19. Host finding behaviour of the coconut mite Aceria guerreronis.

    PubMed

    Melo, J W S; Lima, D B; Sabelis, M W; Pallini, A; Gondim, M G C

    2014-12-01

    For the coconut mite, Aceria guerreronis Keifer, its host plant, the coconut palm, is not merely a source of food, but more generally a habitat to live in for several generations. For these minute organisms, finding a new plant is difficult and risky, especially because their main mode of dispersal is passive drifting with the wind and because they are highly specialized on their host plant. Consequently, the probability of landing on a suitable host is very low, let alone to land in their specific microhabitat within the host. How coconut mites manage to find their microhabitat within a host plant is still underexplored. We tested the hypothesis that they use volatile chemical information emanating from the plant to find a specific site within their host plants and/or use non-volatile plant chemicals to stay at a profitable site on the plant. This was investigated in a Y-tube olfactometer (i.e. under conditions of a directed wind flow) and on cross-shaped arenas (i.e. under conditions of turbulent air) that either allowed contact with odour sources or not. The mites had to choose between odours from specific parts (leaflet, spikelet or fruit) of a non-infested coconut plant and clean air as the alternative. In the olfactometer experiments, no mites were found to reach the upwind end of the Y-tube: <5 % of the mites were able to pass the bifurcation of the "Y". On the cross-shaped arenas, however, a large number of coconut mites was found only when the arm of the arena contained discs of fruit epidermis and contact with these discs was allowed. The results suggest that coconut mites on palm trees are not attracted to specific sites on the plant by volatile plant chemicals, but that they arrested once they contact the substrate of specific sites. Possibly, they perceive non-volatile chemicals, but these remain to be identified. PMID:25033768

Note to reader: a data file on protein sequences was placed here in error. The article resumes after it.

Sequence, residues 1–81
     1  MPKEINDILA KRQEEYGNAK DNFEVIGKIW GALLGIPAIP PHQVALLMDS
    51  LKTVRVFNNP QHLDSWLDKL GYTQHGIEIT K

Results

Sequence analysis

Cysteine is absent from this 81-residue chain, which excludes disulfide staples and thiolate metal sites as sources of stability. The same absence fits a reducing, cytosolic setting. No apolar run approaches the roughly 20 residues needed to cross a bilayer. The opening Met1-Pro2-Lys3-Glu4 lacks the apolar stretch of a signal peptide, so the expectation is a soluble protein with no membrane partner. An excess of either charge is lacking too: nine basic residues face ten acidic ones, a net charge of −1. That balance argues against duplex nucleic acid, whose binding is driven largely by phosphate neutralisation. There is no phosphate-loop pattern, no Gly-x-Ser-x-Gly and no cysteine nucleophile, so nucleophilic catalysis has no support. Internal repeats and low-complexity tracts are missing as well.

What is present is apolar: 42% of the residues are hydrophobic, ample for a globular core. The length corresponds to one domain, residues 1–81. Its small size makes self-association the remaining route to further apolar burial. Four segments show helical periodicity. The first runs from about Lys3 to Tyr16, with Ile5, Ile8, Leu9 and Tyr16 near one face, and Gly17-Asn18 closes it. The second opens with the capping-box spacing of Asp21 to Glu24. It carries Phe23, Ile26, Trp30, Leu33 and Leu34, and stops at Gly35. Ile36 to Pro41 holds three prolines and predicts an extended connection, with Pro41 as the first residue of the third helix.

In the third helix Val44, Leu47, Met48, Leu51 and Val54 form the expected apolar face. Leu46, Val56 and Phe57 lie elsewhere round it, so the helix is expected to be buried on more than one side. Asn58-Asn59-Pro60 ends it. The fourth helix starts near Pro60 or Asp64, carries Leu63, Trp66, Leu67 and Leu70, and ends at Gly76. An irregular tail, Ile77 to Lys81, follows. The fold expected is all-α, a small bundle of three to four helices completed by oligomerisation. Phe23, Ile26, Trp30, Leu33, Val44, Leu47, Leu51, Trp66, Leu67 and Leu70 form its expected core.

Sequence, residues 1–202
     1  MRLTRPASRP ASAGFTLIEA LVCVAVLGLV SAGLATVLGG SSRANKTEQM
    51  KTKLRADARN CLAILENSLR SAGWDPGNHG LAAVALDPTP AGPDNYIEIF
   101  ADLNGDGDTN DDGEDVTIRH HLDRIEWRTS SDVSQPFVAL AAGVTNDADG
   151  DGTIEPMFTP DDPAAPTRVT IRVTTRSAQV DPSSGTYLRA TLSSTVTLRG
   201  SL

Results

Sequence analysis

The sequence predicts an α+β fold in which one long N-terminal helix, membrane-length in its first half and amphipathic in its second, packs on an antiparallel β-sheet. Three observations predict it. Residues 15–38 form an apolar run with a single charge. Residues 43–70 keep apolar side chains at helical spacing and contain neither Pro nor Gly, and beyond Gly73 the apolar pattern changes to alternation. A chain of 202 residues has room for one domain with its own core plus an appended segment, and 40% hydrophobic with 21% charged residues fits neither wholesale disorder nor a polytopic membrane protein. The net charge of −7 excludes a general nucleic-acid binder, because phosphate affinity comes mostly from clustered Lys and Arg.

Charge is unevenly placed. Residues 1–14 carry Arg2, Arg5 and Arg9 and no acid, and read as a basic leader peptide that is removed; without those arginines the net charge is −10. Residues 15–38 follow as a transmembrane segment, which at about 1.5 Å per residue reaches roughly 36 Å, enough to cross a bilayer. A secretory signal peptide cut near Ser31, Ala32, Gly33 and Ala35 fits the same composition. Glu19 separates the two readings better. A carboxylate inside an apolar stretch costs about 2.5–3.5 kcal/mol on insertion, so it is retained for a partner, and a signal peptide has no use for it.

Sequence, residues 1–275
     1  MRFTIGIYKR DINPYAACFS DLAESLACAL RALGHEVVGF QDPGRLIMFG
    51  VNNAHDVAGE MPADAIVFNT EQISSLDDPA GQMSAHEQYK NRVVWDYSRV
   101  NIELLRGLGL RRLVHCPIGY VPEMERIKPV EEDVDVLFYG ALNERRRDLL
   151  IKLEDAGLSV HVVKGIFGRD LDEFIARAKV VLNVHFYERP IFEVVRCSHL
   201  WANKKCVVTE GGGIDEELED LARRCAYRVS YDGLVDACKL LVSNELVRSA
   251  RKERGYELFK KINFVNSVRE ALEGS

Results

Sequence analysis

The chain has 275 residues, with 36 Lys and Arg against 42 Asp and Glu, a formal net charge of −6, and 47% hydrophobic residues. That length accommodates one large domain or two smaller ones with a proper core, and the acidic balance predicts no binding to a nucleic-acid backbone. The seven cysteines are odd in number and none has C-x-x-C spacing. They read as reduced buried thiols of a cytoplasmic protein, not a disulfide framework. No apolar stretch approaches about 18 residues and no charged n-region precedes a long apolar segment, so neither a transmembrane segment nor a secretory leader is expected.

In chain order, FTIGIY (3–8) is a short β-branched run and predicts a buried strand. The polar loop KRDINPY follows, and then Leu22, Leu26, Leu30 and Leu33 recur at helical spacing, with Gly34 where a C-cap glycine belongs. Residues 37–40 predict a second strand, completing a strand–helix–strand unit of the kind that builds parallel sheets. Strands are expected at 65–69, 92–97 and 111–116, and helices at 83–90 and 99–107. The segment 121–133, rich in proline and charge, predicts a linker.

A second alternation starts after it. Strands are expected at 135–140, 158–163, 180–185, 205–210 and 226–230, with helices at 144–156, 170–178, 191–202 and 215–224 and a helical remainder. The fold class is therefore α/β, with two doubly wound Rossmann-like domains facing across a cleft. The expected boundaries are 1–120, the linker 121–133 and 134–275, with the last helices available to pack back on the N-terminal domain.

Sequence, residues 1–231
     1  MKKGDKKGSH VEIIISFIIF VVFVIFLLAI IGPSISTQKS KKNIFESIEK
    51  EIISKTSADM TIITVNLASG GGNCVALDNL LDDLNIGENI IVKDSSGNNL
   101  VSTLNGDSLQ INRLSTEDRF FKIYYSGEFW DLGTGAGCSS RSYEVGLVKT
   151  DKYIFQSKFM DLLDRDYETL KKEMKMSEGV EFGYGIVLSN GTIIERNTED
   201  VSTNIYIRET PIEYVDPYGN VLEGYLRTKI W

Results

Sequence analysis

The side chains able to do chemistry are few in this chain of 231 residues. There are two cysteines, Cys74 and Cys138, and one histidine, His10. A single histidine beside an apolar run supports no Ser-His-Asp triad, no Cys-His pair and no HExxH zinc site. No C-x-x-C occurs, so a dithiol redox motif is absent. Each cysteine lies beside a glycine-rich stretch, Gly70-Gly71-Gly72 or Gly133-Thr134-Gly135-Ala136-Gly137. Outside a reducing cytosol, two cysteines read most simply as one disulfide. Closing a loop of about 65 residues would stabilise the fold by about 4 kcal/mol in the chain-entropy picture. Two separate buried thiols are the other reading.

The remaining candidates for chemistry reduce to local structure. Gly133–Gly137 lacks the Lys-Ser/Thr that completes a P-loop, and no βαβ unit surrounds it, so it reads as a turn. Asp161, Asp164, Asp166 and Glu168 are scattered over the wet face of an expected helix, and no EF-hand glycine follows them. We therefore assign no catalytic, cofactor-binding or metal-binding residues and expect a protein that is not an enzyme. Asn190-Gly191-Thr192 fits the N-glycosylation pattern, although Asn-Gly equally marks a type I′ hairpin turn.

20. Mites and Wee Beasties.

    ERIC Educational Resources Information Center

    Reed, George H., Jr.

    1978-01-01